There is no denying that cryptocurrencies have grown in popularity. In 2021, we saw Bitcoin reach new highs while other cryptocurrencies are also giving investors the chance to make some excellent gains. Of course, as with all investments, there are ups and downs but some people have made a lot of money from cryptocurrencies but do you need to pay tax on them?
So, you will need to pay tax on any gains although any losses can come as a slight benefit. In the UK, individuals that make gains from cryptocurrencies will need to pay tax as part of the capital gains tax regime. The amount of tax is calculated by taking the amount of proceeds in Sterling and deducting the cost in Sterling.
It’s Not All As Simple As It Seems
If you have made a one-off purchase of cryptocurrency then this is relatively simple. However, many people tend to purchase holdings of cryptocurrencies at different times and they are worth different amounts. They then sell them at different times and so, in order to identify the cost of value of cryptocurrency that you have sold, you will need to use the share matching rules that HMRC put in place.
It can also be challenging to identify disposals. Should you make the switch to another cryptocurrency after holding another, then you have disposed of the original cryptocurrency. This will then mean that you have either a loss or a gain on that disposal and that cannot be passed onto the new cryptocurrency.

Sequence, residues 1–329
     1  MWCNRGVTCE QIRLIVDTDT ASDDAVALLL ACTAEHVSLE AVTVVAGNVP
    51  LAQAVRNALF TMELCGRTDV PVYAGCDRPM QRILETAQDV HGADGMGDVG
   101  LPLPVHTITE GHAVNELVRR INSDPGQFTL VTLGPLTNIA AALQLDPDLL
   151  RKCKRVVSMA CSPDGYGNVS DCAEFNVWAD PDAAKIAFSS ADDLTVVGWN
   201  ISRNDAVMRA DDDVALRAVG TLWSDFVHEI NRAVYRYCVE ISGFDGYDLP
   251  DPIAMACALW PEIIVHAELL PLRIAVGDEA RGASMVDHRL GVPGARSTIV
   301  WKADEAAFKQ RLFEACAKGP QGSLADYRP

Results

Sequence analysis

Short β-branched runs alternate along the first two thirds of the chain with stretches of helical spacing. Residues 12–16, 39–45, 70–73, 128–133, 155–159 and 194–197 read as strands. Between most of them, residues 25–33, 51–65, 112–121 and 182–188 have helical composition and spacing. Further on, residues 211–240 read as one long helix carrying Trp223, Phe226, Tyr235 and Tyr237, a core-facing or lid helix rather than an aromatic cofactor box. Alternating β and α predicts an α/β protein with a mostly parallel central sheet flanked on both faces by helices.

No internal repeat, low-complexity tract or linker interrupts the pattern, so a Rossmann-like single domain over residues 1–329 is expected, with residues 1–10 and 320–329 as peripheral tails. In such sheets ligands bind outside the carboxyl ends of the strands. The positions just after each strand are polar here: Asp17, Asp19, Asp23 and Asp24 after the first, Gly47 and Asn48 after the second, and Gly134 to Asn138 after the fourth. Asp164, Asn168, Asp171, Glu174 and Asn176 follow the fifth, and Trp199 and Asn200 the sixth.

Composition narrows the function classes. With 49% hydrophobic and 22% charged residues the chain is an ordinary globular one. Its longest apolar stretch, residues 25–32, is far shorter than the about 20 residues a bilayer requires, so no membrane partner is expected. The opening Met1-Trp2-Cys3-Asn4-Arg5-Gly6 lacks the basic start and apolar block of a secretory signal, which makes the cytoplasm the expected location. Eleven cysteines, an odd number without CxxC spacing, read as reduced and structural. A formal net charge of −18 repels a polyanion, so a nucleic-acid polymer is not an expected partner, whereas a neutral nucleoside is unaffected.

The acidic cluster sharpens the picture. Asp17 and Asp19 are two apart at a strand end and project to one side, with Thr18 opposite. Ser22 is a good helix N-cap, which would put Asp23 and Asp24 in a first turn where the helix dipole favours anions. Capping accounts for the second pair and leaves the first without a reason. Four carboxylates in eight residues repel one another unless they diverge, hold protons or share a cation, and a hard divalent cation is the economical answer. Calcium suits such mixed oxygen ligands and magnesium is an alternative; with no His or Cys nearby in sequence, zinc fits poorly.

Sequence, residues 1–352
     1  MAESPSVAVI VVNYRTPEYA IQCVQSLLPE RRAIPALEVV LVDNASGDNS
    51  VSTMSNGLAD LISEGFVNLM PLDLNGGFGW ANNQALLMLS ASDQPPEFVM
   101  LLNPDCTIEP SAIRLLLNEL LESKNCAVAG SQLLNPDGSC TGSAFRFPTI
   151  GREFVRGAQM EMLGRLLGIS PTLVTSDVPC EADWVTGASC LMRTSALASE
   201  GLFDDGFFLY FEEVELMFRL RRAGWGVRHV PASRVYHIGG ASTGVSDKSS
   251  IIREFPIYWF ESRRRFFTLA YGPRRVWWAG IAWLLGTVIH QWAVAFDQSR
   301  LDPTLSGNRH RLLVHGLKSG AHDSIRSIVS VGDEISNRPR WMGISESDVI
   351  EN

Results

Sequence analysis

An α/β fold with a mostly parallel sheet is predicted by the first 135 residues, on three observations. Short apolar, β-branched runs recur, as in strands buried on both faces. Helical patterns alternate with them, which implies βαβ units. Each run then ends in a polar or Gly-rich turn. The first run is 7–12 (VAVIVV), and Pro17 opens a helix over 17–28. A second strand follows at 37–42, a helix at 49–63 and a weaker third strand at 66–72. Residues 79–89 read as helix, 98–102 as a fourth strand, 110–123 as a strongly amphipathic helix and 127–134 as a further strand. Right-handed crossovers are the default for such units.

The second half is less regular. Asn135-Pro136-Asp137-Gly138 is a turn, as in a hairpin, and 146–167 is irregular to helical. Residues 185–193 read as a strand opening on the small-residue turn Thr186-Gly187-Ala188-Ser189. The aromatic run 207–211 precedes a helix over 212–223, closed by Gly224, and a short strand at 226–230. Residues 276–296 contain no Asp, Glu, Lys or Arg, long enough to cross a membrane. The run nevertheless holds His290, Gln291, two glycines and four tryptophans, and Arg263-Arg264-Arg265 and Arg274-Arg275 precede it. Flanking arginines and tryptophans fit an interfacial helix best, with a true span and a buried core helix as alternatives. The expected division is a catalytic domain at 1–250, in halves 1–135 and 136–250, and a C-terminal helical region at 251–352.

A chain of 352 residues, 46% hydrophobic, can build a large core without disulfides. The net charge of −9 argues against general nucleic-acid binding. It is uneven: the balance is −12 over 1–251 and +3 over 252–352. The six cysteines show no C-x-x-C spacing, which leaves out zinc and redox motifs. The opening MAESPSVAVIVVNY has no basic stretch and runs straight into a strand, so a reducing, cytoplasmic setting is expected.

Should you choose to pay for services or assets using cryptocurrencies, then this is considered to be disposal of the currency and is also taxable. Furthermore, if you choose to gift the currency, then this could also lead to a taxable disposal.
Another challenge is taking the rate of the sales and converting that into sterling. It’s not an easy task while not all expenses are considered tax deductible and so, cryptocurrency sales are not easy when it comes to accounting because they can be complex and expensive to get right.
There Is Good News
However, there is a chance that you won’t have to pay any tax but to determine this, you will need to consider the total of all of your chargeable asset disposal.
As an example, if all of your cryptocurrency disposals for the 2020/21 tax year amount to less than £49,200 and gains are lower than £12,300, you won’t need to report your cryptocurrency disposals. You will need to report if you need to claim a capital loss. If you go beyond the limits, then the disposals will need to be included on your self assessment tax return and pay the required capital gains tax. The rate will be set at either 10% or 20% or it can be a mixture of the two, depending on how much you have earned during the year of disposal.
There are many things to consider when it comes to cryptocurrencies. So, it helps to seek out professional advice to ensure that you accurately record purchases and disposals and pay the required tax.